The best way to start is to breadboard first. You can then transfer the circuit to a small perma-proto board when you are satisfied with your circuit and want to consider a permanent mount.

You may solder the headers supplied with Trinket to facilitate breadboarding. A small 3 pin header was placed on the microphone breakout board for breadboard connection. For a more permanent circuit, you could use a servo extension cable to extend the microphone or wire your own three wires from the microphone breakout to the Trinket, power, and ground lines.

The Adafruit Neopixel UberGuide shows the range of Neopixels available for your projects. The single Neopixels pictured have single header pins soldered on. The ring was placed over the middle single LED (pictured on the previous page). If you plan to build a permanent circuit, wiring to the pads would be a better choice.

A good 5 volt power supply is very important if powering more than three Neopixels. You can test the wiring with the USB power, just make sure its plugged directly into the computer USB port or a powered hub, not through the keyboard or monitor. If powering from a wall adapter, anything that can supply 5V and 1A or more should be fine. If you add additional Neopixels, more current may be needed to supply the power they need. Select a power supply (5 volt recommended) that can provide more than your anticipated maximum current. For large power-hungry strips, the Adafruit 5 volt, 4 amp or 10 amp supply could be required, although Trinket can only control approximately 100 pixels (to control more, consider using a larger Arduino with more memory).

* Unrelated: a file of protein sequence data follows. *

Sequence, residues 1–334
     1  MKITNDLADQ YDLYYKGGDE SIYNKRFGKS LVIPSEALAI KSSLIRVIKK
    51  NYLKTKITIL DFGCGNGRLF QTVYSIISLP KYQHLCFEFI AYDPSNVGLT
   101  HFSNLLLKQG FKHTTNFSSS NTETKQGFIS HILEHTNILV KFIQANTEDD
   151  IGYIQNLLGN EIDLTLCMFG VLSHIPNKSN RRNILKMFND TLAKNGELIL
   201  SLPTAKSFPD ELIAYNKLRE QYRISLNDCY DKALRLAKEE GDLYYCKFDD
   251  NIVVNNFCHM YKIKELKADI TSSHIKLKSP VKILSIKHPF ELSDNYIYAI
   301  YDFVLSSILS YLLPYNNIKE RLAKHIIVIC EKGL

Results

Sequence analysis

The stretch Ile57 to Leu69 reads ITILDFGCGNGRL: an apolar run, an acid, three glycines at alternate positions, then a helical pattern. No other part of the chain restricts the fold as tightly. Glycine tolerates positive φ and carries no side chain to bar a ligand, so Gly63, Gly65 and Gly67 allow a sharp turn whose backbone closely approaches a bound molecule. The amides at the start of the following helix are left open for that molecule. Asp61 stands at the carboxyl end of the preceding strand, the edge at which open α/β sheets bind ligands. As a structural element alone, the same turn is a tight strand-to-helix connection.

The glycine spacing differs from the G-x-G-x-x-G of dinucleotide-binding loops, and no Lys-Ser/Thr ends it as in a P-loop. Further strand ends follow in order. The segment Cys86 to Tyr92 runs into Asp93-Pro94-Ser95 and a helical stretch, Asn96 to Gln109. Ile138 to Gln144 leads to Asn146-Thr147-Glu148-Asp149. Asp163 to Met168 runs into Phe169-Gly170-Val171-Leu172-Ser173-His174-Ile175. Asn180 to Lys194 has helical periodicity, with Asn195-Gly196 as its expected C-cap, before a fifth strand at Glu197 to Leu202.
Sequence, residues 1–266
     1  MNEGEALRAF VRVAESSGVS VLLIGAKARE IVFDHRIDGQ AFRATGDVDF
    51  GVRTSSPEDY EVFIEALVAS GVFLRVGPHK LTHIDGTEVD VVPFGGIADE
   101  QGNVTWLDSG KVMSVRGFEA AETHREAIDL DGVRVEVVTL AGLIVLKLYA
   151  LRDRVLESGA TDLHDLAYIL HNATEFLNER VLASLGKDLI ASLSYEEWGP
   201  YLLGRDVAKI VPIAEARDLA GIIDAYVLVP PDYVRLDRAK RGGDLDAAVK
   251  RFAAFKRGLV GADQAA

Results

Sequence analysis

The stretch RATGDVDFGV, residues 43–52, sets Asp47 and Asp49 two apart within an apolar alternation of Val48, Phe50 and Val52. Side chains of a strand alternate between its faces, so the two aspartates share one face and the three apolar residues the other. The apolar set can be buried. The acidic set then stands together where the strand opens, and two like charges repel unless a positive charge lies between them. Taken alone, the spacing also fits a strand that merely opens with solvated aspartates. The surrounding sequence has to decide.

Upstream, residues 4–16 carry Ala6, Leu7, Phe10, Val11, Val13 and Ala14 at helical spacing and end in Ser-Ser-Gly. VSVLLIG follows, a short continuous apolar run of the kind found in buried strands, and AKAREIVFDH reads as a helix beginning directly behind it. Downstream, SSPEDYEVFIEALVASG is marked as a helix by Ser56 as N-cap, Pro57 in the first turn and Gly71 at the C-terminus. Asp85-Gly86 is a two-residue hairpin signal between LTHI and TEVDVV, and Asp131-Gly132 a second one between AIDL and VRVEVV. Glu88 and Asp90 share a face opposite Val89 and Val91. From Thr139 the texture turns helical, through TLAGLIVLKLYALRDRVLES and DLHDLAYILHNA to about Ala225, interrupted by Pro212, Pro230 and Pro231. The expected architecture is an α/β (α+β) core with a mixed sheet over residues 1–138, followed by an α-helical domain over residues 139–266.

Power for the microphone breakout is taken from the Trinket 5 volt regulated power pin. If you have a clean power supply, it can be wired to the 5 volt bus.

Trinket GPIO #2 is both an analog and digital pin. This circuit uses it as Analog Pin 1 to read the varying voltage from the microphone breakout.

Trinket GPIO #0 is used as the digital signal line out to the string of Neopixels.

If you would like to control the brightness of the pixels, you can add a potentiometer (nominal 10 kiloohms, larger than 1k to 1 megaohm should be fine). The center wiper is connected to GPIO #3 (Analog 3 in the Arduino IDE). The changing voltage is read from 0 to 255 which is exactly the range the Neopixel setBrightness function uses to set the pixel brightness. If not used, comment out the value POT_PIN and the code will use maximum brightness. If you have trouble loading programs after adding the potentiometer, temporarily remove it to load the program, then replace.

This leaves GPIO #1 and #4 free for your own use. #1 is also controls the red Trinket LED so it takes some care to use in some applications. #3 and #4 are shared with the USB port, so if you use them, disconnect wiring when programming to avoid signal line interference.

The wiring should also work for Gemma. The brightness control cannot be added to Gemma as pins 3 and 4 are not broken out.

This guide was first published on Oct 11, 2013. It was last updated on Mar 08, 2024.

This page (Build the Circuit) was last updated on Oct 05, 2013.

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